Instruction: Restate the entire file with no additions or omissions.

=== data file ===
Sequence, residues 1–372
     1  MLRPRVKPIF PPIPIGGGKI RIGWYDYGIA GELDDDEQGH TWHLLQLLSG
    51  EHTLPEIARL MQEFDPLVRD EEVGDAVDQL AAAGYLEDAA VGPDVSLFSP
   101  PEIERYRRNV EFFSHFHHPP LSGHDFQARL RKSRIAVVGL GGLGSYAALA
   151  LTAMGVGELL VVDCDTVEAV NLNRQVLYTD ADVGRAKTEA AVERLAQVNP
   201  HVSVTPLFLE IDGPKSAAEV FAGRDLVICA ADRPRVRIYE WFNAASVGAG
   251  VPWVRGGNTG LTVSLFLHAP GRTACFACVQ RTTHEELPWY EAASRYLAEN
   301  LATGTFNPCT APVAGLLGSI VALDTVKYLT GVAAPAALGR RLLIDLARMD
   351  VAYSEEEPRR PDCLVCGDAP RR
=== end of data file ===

Sequence, residues 1–372
     1  MLRPRVKPIF PPIPIGGGKI RIGWYDYGIA GELDDDEQGH TWHLLQLLSG
    51  EHTLPEIARL MQEFDPLVRD EEVGDAVDQL AAAGYLEDAA VGPDVSLFSP
   101  PEIERYRRNV EFFSHFHHPP LSGHDFQARL RKSRIAVVGL GGLGSYAALA
   151  LTAMGVGELL VVDCDTVEAV NLNRQVLYTD ADVGRAKTEA AVERLAQVNP
   201  HVSVTPLFLE IDGPKSAAEV FAGRDLVICA ADRPRVRIYE WFNAASVGAG
   251  VPWVRGGNTG LTVSLFLHAP GRTACFACVQ RTTHEELPWY EAASRYLAEN
   301  LATGTFNPCT APVAGLLGSI VALDTVKYLT GVAAPAALGR RLLIDLARMD
   351  VAYSEEEPRR PDCLVCGDAP RR